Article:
Built in 1933, Clifford Pier was a landing point for immigrants and other sea passengers. A red oil lamp used to hang from the pier as a guide to seafarers, earning the pier the name Red Lamp Pier. The pier was later used as a terminal for tourists and day trippers who boarded small boats and ferries heading for the Southern Islands.
Clifford Pier was located beside Collyer Quay at Marina Bay within the Downtown Core of Central Area, in Singapore’s central business district. To make way for Marina Barrage, the Pier had to be relocated. The Barrage is a being built in Singapore across the Marina Channel between the reclaimed lands of Marina East and Marina South. The S$226 million project scheduled to be completed in 2007, and will turn the Marina Bay and Kallang Basin into a new downtown freshwater reservoir. It is meant to provide water supply, flood control and a new lifestyle attraction.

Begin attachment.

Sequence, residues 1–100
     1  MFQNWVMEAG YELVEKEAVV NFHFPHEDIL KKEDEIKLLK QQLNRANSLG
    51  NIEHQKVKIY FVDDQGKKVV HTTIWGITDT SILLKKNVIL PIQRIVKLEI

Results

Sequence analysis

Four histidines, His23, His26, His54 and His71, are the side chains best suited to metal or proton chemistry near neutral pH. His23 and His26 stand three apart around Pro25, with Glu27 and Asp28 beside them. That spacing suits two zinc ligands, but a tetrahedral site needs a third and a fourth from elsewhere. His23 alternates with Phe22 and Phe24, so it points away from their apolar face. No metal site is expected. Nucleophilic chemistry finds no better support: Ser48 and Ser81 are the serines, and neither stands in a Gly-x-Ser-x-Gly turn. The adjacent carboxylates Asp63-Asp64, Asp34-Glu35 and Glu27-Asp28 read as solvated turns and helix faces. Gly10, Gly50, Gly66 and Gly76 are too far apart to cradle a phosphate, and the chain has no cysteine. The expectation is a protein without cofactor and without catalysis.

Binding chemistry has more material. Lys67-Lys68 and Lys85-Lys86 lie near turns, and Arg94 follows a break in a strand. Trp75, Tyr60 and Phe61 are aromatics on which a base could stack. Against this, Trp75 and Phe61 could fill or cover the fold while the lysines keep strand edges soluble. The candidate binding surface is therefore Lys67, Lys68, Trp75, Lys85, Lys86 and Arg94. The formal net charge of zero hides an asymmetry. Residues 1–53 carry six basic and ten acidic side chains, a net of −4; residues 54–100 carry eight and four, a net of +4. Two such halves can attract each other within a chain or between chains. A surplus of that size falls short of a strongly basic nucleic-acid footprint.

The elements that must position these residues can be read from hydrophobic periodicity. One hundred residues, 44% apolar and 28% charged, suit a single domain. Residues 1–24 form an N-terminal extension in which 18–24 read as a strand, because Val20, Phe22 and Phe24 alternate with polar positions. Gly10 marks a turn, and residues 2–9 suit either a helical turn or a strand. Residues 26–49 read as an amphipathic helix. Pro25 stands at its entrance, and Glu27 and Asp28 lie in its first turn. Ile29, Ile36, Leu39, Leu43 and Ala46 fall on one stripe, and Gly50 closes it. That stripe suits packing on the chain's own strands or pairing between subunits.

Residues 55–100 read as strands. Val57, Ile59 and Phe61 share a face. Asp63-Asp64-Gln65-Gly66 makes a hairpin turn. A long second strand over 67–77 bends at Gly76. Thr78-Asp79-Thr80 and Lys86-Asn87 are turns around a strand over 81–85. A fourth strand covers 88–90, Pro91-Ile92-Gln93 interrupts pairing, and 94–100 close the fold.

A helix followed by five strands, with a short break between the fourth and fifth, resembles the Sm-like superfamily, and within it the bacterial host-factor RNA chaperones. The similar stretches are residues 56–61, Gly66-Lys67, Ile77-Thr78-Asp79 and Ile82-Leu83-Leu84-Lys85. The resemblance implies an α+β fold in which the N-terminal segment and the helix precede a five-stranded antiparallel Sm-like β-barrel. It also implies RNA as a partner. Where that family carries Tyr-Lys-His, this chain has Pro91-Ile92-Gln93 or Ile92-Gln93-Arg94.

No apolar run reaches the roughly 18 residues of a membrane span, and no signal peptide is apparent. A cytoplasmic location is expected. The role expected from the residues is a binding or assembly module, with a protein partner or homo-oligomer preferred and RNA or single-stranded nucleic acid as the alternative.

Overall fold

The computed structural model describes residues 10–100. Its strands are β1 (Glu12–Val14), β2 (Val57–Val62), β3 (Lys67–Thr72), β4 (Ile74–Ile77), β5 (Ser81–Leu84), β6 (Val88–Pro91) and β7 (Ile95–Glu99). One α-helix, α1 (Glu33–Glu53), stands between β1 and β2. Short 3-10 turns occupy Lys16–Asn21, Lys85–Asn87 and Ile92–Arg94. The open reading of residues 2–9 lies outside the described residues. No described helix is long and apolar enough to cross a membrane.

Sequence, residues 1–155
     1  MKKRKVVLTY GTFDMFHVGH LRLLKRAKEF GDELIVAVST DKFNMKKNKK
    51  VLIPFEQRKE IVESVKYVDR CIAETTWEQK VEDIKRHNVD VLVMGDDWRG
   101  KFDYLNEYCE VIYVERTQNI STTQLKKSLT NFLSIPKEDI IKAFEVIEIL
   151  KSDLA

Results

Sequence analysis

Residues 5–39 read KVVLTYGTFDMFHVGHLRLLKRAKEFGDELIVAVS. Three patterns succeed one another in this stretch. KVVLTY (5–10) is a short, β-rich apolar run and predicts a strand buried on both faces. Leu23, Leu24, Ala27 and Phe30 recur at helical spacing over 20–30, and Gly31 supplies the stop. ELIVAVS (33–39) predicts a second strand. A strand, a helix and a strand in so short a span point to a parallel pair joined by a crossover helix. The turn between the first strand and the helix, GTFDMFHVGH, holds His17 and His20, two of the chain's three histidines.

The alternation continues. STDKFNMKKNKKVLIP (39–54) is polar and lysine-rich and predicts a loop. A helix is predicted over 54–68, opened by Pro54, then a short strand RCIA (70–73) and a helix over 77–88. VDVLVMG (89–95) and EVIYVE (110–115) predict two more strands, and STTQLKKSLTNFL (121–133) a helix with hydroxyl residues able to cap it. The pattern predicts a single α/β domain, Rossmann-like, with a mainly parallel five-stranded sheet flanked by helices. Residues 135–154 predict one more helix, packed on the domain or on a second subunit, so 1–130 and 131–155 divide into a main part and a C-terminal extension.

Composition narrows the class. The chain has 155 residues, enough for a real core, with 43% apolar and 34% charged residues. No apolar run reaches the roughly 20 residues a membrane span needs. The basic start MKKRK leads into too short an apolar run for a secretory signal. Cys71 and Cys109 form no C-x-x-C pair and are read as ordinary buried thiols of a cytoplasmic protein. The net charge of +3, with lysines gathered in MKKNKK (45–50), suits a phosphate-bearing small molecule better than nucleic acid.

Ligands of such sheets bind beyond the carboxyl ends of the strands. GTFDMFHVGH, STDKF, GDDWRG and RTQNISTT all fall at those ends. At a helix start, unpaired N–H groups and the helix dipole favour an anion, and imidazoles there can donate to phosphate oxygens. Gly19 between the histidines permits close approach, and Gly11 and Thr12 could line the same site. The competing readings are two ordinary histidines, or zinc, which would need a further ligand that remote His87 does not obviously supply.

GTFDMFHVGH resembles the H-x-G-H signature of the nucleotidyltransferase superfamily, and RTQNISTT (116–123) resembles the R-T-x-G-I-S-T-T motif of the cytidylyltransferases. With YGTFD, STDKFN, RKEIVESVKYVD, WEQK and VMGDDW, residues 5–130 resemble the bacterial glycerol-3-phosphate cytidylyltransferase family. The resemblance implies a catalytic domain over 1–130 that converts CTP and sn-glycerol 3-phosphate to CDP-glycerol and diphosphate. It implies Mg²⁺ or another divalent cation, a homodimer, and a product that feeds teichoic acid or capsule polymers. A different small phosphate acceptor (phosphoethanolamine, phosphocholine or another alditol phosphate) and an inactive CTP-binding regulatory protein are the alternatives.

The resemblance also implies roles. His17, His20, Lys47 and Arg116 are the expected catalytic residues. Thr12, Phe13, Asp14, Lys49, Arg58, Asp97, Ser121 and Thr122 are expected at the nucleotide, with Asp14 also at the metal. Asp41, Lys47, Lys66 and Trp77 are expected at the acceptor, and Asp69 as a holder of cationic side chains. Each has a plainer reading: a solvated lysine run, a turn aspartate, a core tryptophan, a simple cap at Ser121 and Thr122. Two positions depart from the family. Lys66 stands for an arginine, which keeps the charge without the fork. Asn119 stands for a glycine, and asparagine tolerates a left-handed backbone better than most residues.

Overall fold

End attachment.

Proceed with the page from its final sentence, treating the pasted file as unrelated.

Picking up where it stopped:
Clifford Pier ceased operations on 1 April 2006, and was replaced by the Marina South Pier. Generations of Singaporeans bid farewell to a grand old building. Among them are Macrocosm
2 thoughts on “Any lessons from the Clifford Pier experience?”
Thanks for dropping my blog 🙂
The Seletar area holds very fond memories for me. I spent my growing up years there. When we 1st moved into Seletar Hills, the rubber estates were still intact. As kids, a gaggle of us on our little bicycles would explore all the trails in and around the area. We knew all the shortcuts from Seletar to Serangoon Gardens and how to get to Punggol Point via trails.
We lived through the urbanisation of the estate.
Seletar Airbase was then a restricted area. It was known as Seletar Camp. Anyone going in had to exchange your ID for a pass. We used to have fun times fishing and swimming at the Seletar Club whilst the adults played golf.
Years after leaving Selatar Hills, mum and my brother rented a bungalow (with red painted floors!) for the duration of his NS. And talk about coming full circle.. where we live now in Rivervale is just a short drive from Seletar Camp. I bring the kids there for a bit of exploring (and fishing) now and again.
Thanks for helping us re-live those memories.